This does not mean there will be no real negative implications from a Brexit. Near term, there have been some predictions that leaving the EU will mean a weaker Pound, and a weaker Rupee – and that’s definitely playing out. This is bound to throw exporters and importers in both countries for a loop. Currency and Bond traders can also brace for trying times.
Financial guru George Soros hit the nail on the head when, in his piece for The Guardian titled “The Brexit crash will make all of you poorer – bewarned”, he wrote: “I would expect this devaluation [of the Pound Sterling] to be bigger and more disruptive than the 15 percent devaluation that occurred in September 1992, when I was fortunate enough to make a substantial profit for my hedge fund investors, at the expense of the Bank of England and the British government… If sterling fell to this level, then ironically one pound would be worth about one euro – a method of “joining the euro” that nobody in Britain would want.”
From an econo-diplomatic perspective, a Brexit will mean an advantage for India in the larger context. We, as a country, have been trying for years (since June 2007, to be exact) to sign the EU-India Broad-based Trade and Investment Agreement (BTIA), and both sides have consistently failed to find the common ground that will take negotiations forward. Now, given that the UK itself is a large business partner for India, UK’s economic and financial independence opens a door that’s remained shut thus far — an independent Free Trade Agreement (FTA) with the UK. An added edge here is that the compulsions to see eye-to-eye with a 28-nation bloc with vast internal issues have withered away. This could potentially boost Indo-UK trade, and not just monetarily.
Such an FTA would mean that India’s exports to the UK could increase beyond garments and textiles, machinery and instruments, petroleum products, footwear and leather, manufactures of metals, gems and jewelry, engineering goods, transport equipment and parts, spices, drugs and pharmaceuticals and marine products. In return, the list of India’s imports from the UK would be longer than just machinery and equipment, ores and metal scraps, precious and semi-precious stones, silver, aircraft and parts, beverages and spirits, engineering goods, and other professional instruments other than electronics, non-ferrous metals, and chemicals.
For businesses which use the UK as a staging area to enter the EuroZone, a Brexit will mean some major adjustments. For one, these Indian businesses may have to spend quite a bit of money to open branches in Continental Europe to cater to that market specifically, and jump through the EU’s intricate regulatory and legal hoops.
The bigger opportunity for India’s diplomatic corps, as UK proceeds to cut ties with its continental brethren, is that having been a part of the European Economic Community (which preceded the European Union) for 40 years, the UK will have been driven to the back foot when it comes to brokering new deals. As Sydney University’s Mark Melatos pointed out to international wire agency Bloomberg, “The UK will be in a very weak bargaining position because everyone will know it is desperate to negotiate new agreements… All potential trading partners will take advantage of that weakness.” So why not India?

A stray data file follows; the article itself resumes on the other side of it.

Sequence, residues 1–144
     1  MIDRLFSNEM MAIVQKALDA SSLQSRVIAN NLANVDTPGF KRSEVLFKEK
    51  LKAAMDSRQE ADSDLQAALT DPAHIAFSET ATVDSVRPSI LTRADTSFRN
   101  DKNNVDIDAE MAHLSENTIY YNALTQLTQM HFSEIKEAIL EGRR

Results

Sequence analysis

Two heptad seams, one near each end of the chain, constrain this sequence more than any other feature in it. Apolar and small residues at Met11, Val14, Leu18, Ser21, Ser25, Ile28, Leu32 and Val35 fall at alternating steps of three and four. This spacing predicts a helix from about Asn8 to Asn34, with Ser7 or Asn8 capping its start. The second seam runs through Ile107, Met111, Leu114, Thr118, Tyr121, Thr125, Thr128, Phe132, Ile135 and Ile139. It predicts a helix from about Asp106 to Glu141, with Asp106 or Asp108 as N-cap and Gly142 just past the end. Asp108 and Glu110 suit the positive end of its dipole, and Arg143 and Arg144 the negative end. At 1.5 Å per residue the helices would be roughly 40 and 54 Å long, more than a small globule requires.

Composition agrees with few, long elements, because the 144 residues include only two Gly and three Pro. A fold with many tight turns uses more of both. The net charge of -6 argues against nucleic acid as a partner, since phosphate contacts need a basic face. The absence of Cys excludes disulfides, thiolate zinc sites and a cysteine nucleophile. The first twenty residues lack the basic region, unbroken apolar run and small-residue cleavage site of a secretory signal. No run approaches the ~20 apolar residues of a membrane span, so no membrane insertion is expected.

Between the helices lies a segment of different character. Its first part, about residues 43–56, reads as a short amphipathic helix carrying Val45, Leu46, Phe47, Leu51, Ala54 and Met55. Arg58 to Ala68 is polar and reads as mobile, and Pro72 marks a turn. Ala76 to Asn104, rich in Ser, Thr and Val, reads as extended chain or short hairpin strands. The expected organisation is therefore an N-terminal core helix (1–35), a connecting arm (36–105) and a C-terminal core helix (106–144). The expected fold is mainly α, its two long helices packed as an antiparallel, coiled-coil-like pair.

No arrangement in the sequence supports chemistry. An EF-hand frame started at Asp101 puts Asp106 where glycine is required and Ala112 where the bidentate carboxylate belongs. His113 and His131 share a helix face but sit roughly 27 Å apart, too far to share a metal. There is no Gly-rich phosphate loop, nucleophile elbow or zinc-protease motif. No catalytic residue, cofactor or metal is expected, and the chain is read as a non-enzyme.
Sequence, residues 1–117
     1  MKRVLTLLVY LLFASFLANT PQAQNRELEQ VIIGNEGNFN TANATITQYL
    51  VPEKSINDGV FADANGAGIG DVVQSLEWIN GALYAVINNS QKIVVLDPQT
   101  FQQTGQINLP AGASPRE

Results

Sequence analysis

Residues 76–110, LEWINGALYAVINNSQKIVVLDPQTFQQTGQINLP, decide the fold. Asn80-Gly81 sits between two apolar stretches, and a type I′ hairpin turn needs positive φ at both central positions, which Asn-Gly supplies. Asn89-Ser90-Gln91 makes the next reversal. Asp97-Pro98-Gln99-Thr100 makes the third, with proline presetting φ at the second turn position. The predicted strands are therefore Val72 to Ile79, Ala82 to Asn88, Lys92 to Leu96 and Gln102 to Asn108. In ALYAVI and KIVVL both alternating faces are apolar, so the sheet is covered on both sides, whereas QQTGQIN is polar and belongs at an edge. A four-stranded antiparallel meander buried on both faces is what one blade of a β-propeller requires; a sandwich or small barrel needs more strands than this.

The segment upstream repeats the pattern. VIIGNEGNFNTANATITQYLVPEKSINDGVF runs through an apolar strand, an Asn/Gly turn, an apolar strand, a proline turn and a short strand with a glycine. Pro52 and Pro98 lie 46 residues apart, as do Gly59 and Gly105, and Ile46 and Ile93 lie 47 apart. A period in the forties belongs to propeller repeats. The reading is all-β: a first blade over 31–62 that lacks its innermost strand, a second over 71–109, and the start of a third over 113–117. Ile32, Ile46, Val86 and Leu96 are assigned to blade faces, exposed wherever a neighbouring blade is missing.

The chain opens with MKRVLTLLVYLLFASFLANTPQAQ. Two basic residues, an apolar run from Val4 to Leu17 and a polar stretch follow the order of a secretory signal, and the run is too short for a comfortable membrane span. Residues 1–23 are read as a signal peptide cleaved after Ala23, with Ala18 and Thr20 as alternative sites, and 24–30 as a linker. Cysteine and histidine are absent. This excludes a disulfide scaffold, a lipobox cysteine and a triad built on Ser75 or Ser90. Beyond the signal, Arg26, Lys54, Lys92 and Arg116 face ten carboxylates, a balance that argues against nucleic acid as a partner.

Now this negotiation, if done well, could prove lucrative for the common Indian once the trickle-down effect makes its presence felt. So there could be good news on the horizon for folks like the fisherman, the tanner, the weaver and the goldsmith, to name a few. Of course, such trade alliances and agreements take time – we’re talking years, not months – so there’s no need to fuss about it right away.
Indian IT industry body Nasscom has said a Brexit will have a negative impact on the USD 108 billion Indian IT sector in the short term. However, it has also said that the exact nature and extent of this impact will only emerge over a longer period of two years or more.
But seriously, that should be enough time for companies with an exposure to the UK and the EU to take measures to protect themselves from any negative fallout. Operationally, that may mean changes to employee deployment by these companies, so an IT employee’s immediate plans to relocate to an off-shore project site in either of these regions may be in for a bit of a rejig. However, if you’re not an employee of such a concern, and don’t have family who are, it does not matter. Further, unless you own stocks in any of these IT companies (or run them), your wallet and your nerves are pretty safe.
When it comes to travelling to the UK from India, whether as an emigrant or as a student, or to further your professional interests, UK’s staying with, or leaving the EU makes no difference.
As Sarosh Zaiwalla, a Senior Partner at the international law firm Zaiwalla & Co based in London told the International Business Times, “Britain has always had an open immigration system. The technical requirement for employment is that a person should speak English and have the essential skills that are not readily available in the local market. The employment visa will be given to people who fulfill these credentials.” The same goes for any of the other visas one might covet.